Spammers are Creeping in on Fundraising

Like you, I have to weed through a ton of spam every day. Sometimes it seems like the smartest minds in technology are not at Facebook and Google but somewhere I never heard of figuring out how to get into my inbox.

Typically it’s vacations and gadgets and miracle solutions for unmentionable things. But they are smart these spammers and look for any place the money is flowing. So – as we head into fall – it’s no surprise that they’ve discovered fundraising.

Have you seen any of these? I got this one this morning:

Screen Shot 2016-08-20 at 11.11.50 AM

Now, the letter is awful. It’s generic and un-personalized and non-specific.

But sadly, I’ve seen a ton of legitimate fundraising letters that do exactly the same things. The one I got from my college this year wasn’t much warmer.

And even sadder – they do some things BETTER than real fundraisiers. Have you ever thought to provide screen shot directions for how to donate online? That’s actually kind of brilliant.

Screen Shot 2016-08-20 at 12.13.37 PM Screen Shot 2016-08-20 at 12.13.49 PM

If you are relying on email to supplement (or replace) your print campaign it is time to step up your game.

  1. Generic makes you look like a spammer. I don’t know for a fact that this email is a fake organization, but it sure looks and reads like it to me. Don’t let your real organization get confused with spam. Every email system has the ability to personalize emails with the recipients name. Its one of the easiest ways to differentiate your message from spam.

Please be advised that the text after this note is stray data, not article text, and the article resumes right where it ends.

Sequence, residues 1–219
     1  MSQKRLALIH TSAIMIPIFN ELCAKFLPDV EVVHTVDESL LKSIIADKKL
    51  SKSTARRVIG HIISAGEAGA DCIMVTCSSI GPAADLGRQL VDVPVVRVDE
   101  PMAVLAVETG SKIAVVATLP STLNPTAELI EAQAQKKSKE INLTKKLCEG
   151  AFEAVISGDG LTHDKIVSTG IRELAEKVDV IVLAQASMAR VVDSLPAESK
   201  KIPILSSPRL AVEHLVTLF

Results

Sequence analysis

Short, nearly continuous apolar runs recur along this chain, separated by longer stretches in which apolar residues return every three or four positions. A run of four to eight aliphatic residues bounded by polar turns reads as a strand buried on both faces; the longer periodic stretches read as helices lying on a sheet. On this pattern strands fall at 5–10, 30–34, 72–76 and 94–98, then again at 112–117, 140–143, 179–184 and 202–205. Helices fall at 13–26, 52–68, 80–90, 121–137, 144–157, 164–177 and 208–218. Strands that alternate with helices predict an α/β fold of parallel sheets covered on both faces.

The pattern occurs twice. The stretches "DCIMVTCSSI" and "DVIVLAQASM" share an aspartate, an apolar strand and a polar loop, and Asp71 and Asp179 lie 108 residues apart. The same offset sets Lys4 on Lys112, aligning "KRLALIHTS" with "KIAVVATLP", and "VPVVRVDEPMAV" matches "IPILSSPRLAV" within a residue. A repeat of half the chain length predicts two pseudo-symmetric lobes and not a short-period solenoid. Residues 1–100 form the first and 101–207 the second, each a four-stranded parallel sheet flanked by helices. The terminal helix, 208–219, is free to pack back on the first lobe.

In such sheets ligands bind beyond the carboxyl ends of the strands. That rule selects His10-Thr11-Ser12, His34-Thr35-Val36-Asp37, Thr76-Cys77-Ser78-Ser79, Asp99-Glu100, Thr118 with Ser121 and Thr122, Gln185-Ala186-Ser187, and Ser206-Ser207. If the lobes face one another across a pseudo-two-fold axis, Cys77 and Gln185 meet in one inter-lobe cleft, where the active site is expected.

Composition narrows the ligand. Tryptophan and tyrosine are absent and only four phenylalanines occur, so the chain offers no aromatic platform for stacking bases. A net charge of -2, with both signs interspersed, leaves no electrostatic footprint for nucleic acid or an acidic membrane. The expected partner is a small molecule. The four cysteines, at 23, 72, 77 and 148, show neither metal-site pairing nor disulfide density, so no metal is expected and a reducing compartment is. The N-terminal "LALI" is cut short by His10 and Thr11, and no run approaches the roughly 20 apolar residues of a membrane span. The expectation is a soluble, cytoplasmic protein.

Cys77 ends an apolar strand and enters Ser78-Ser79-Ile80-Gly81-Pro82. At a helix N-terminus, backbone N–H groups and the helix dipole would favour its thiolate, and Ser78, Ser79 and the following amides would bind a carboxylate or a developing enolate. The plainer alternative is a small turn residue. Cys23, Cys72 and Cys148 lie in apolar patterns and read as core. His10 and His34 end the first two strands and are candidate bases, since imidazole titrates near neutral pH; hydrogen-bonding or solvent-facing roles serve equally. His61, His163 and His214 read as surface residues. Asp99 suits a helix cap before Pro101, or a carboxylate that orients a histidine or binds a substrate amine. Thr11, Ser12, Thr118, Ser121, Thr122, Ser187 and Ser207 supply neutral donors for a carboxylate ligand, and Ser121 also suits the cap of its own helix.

2. Make sure you are capturing first names as a field in your database. It is impossible to personalize if you don’t have the data.
  3. Use a domain-level email address. Emails from make you look like you are in a basement (or a bunker). Switching to an email that is gives back in trust much more than it costs in time and money.
  4.  Write something real. Include details, stories and images that show you know what your donors care about. That means collecting them in advance. Developing a quality appeal with no content is brutal. I’ve had to do it. If you haven’t started collecting your stories – start now.
  5. Clean your list. People are terrified of unsubscribes. What you don’t know is low open rates are actually killing your deliverability. Email companies monitor what is happening with your list and if no one is opening it, they start to put ALL your email in the junk bin. Even for the people who want to see it. If you have people on your list that never open and never donate, its time to do a little purge. It will cut your costs and increase the effectiveness of what you do send.
  6.  Familiarity creates trust. People get a a ton of email and read it with one finger over the delete button. If you are relying it to boost your donations, developing a consistent memorable look and using it throughout your campaign will help people remember you. In traditional newspaper advertising, the rule was that it took 6-12 views of an ad for a viewer to take action. If you mail a letter, follow it up with an email series and share some posts on social that have the same story and images.
  7. Spy on the spammers. Take a look at what they are doing. What subject lines can you not resist clicking on? What makes you suspect something is spam? What makes you confident that clicking will be worth it?

You don’t want to be confused for a spammer – but you can study what they do to get your attention and use it for good.  Remember that your audience has a range of people from tech-savvy jaded millennials to my adorable 84 year-old father-in-law who still thinks I can email a physical piece of paper. You need to bring them all to a place of trust in order to win their gift.